The Exploratorium Teacher Institute (TI) and Literacy For Environmental Justice (LEJ) present:  Understanding The Science of Sustainability on Saturday, September 11 and Saturday, October 16, 2010, from 9:00 am – 4:00 pm.

The Understanding the Science of Sustainability institute will focus on environmental awareness, stewardship, eco-literacy, and sustainability.  This institute for teachers will be based at LEJ’s new EcoCenter at Heron’s Head Park in San Francisco.  The EcoCenter is the first environmental education center in the Bay Area to focus on environmental justice.  In the institute, teachers will examine the use of various technologies and strategies through hands-on activities and discussions.  Subject areas will include solar power, wastewater treatment, wetlands as filters, rainwater catchment, green building, and native plant gardening.  Sample activities include building simple solar cells, modeling filtration systems, participating in a beach cleanup at Heron’s Head Park, exploring the mathematics of rainwater catchment, and calibrating the amounts of water needed for native plants.  Time will be provided during the Institute for teachers to meet in small groups to adapt institute ideas to their own curricula and to help teachers plan a field trip to the EcoCenter.  Teachers attending both days of this institute will be paid a $200 stipend.  Follow-up half-day Saturday workshops will be offered during the 2010/2011 school year.  Attendance at these follow-up workshops is not required.   Please contact Lori Lambertson at or (415) 353-0499 for more information about this great opportunity.

Written by California Science Teachers Association

California Science Teachers Association

CSTA represents science educators statewide—in every science discipline at every grade level, Kindergarten through University.

One Response

  1. The 35th Annual Spring Math/Science Conference of the Council of Math/Science Educators of San Mateo County (CMSESMC) will be on Saturday, March 5, 2011, at Sequoia High School, in Redwood City, starting at 8 a.m.

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Priority Features of NGSS-Aligned Instructional Materials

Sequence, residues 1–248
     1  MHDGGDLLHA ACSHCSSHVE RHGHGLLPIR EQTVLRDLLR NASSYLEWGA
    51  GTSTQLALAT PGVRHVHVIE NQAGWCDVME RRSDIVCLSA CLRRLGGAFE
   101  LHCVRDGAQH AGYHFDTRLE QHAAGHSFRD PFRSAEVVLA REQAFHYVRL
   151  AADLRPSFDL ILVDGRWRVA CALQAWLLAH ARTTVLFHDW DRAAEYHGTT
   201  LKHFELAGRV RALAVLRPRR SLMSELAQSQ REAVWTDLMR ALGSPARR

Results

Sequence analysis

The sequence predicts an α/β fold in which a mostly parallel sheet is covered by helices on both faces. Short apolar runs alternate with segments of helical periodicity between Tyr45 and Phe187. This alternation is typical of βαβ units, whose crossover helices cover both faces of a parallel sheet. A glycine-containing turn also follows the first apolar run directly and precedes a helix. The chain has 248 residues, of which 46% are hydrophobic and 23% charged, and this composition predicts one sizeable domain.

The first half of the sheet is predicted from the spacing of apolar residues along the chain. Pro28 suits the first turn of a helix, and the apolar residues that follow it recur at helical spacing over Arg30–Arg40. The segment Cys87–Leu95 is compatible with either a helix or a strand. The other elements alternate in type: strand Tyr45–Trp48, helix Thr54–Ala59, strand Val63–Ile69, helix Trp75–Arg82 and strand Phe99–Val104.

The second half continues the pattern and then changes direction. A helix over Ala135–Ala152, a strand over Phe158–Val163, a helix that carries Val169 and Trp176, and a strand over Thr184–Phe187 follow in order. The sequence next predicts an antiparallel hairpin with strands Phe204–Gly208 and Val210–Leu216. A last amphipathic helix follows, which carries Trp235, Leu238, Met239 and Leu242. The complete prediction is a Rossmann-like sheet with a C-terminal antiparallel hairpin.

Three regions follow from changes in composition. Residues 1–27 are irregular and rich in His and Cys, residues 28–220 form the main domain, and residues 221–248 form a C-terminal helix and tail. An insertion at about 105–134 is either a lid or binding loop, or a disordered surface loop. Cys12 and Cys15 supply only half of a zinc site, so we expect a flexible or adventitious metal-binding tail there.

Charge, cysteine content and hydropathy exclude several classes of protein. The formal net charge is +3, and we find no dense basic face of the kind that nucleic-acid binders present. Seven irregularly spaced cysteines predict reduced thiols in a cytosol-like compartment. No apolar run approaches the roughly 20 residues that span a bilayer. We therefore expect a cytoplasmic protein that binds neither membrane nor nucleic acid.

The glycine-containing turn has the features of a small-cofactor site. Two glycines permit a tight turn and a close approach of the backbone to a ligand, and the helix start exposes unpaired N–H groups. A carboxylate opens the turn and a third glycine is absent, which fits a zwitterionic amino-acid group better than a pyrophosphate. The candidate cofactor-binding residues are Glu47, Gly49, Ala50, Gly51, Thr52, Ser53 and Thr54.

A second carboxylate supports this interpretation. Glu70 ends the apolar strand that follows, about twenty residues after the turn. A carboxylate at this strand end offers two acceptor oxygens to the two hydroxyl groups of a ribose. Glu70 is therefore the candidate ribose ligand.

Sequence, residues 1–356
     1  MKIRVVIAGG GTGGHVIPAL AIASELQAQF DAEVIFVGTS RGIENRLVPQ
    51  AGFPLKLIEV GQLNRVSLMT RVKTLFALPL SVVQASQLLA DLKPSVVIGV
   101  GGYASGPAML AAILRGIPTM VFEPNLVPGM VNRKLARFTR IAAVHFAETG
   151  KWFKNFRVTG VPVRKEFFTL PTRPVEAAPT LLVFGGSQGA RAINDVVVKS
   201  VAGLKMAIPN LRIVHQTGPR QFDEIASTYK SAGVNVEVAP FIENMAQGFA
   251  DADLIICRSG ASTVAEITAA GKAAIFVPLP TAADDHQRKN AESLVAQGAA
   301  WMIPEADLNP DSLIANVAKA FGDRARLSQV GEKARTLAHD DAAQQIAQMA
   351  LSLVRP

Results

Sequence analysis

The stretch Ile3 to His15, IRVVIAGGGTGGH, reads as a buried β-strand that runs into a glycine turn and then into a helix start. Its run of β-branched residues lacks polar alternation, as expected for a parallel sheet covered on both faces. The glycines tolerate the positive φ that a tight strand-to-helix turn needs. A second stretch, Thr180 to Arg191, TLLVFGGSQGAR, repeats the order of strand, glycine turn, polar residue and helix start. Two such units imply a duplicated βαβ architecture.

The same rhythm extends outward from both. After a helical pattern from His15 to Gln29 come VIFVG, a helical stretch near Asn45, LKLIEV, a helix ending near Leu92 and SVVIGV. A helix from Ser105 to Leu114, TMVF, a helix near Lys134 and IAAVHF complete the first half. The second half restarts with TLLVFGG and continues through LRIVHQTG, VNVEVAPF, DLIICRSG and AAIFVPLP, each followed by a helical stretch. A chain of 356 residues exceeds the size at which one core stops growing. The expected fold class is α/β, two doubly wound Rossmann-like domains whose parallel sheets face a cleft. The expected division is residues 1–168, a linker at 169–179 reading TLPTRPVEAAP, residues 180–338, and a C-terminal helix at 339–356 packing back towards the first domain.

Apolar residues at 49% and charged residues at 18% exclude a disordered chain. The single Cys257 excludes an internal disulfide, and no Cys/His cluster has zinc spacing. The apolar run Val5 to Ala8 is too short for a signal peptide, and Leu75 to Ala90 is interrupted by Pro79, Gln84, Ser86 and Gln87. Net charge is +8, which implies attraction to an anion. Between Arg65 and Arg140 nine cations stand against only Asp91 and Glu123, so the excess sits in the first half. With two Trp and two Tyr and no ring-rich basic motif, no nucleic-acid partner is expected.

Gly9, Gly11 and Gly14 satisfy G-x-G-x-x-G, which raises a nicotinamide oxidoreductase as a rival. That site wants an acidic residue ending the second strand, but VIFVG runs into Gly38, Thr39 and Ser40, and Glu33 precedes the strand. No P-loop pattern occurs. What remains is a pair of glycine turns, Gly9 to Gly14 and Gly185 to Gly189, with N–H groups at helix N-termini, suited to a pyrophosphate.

Posted: Wednesday, November 29th, 2017

Recommendations for Publishers, Reviewers, and Educators. The California Science Teachers Association and the science teachers associations of three other Next Generation Science Standards (NGSS) west-coast states, Nevada, Oregon, and Washington, have co-authored a white paper on priority features of NGSS instructional materials. This is the first time our states have collaborated to convey a common vision on an issue of great importance for the implementation of the NGSS. We understand all too well that for meaningful shifts to happen and to support the full vision of the NGSS, strong K-12 Instructional materials are required. Learn More…

Written by California Science Teachers Association

California Science Teachers Association

CSTA represents science educators statewide—in every science discipline at every grade level, Kindergarten through University.

State Board Moves Forward Two Key Pieces Supporting CA NGSS Implementation

Posted: Wednesday, November 29th, 2017

by Jessica Sawko

CSTA President Jill Grace provides public comment at the November 8, 2017, California State Board of Education meeting.

On November 8, 2017, the California State Board of Education (SBE) took action on two items of import relating to the implementation of the California Next Generation Science Standards (CA NGSS). One item was relating to the California Science Test (CAST) and the other to instructional materials. CSTA provided both written and oral comments on both items along with providing input on what CSTA and many other advocates view as a critical component of our state’s emerging accountability system – student access to a broad course of study. Learn More…

Written by California Science Teachers Association

California Science Teachers Association